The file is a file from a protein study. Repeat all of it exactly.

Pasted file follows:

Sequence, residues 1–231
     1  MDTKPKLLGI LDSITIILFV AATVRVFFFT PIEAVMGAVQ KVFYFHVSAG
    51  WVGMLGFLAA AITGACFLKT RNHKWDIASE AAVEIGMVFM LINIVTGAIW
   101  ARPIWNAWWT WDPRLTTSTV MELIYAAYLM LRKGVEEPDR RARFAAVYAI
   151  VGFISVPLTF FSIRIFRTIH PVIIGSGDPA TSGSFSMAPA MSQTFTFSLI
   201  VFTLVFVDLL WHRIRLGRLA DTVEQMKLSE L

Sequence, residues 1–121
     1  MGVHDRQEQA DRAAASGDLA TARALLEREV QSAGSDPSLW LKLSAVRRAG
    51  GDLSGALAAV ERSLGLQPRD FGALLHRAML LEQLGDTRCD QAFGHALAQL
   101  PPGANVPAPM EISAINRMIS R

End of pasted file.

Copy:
Sequence, residues 1–231
     1  MDTKPKLLGI LDSITIILFV AATVRVFFFT PIEAVMGAVQ KVFYFHVSAG
    51  WVGMLGFLAA AITGACFLKT RNHKWDIASE AAVEIGMVFM LINIVTGAIW
   101  ARPIWNAWWT WDPRLTTSTV MELIYAAYLM LRKGVEEPDR RARFAAVYAI
   151  VGFISVPLTF FSIRIFRTIH PVIIGSGDPA TSGSFSMAPA MSQTFTFSLI
   201  VFTLVFVDLL WHRIRLGRLA DTVEQMKLSE L

Sequence, residues 1–121
     1  MGVHDRQEQA DRAAASGDLA TARALLEREV QSAGSDPSLW LKLSAVRRAG
    51  GDLSGALAAV ERSLGLQPRD FGALLHRAML LEQLGDTRCD QAFGHALAQL
   101  PPGANVPAPM EISAINRMIS R